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School vouchers, school choice, student achievement, randomized control trial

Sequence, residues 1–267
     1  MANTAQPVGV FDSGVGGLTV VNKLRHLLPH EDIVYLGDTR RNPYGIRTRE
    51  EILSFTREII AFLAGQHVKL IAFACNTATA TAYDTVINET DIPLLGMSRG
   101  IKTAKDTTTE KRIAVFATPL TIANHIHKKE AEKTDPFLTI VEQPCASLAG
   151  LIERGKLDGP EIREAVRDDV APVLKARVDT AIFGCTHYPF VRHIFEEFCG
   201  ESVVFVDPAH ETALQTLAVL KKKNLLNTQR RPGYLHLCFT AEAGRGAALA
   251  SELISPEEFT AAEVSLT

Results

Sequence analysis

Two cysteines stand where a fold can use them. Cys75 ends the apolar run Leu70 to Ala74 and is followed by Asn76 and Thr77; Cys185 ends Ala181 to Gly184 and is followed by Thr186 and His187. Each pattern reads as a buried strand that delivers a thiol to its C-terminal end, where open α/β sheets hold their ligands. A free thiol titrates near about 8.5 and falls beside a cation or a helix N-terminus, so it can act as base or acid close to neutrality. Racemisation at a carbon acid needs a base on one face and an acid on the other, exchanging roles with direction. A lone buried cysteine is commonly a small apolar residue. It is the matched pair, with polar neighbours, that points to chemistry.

Since school voucher funds are public, policymakers fiercely debate how those funds should be spent. A goal of many decision-makers is to ensure that every private school option is “highquality” through program accountability regulations. Private schools, however, have a say in the matter. They can decide whether or not to participate in a private school choice program and likely factor the type and level of program regulations into that decision. We examine the impacts of private school regulations on the supply-side of voucher programs in D.C., Indiana, and Louisiana. Private schools value their autonomy. Therefore, we expect that regulatory burden will be negatively associated with the quality of schools that choose to participate in a choice program. Independent private schools that accept substantial regulation from the state are likely to be financially distressed and more willing to change their educational model in exchange for access to voucher-funded students. We employ a linear probability model to examine how school quality, as measured by tuition-level and Great School Review scores, is associated with program participation for schools. Our results largely confirm our hypothesis that higher tuition levels and larger cohort enrollments, conditions normally associated with high quality schools, identify schools that are less likely to participate in voucher programs. We also find a consistent negative relationship between Great Schools Review score and the school participation decision, indicating lower quality schools have a higher tendency of participating in voucher programs in all three states, however the coefficients are not significantly different from zero. State fixed effects reveal that private schools in D.C. and Louisiana, the two states that have higher regulatory burdens, are less likely to participate in voucher programs.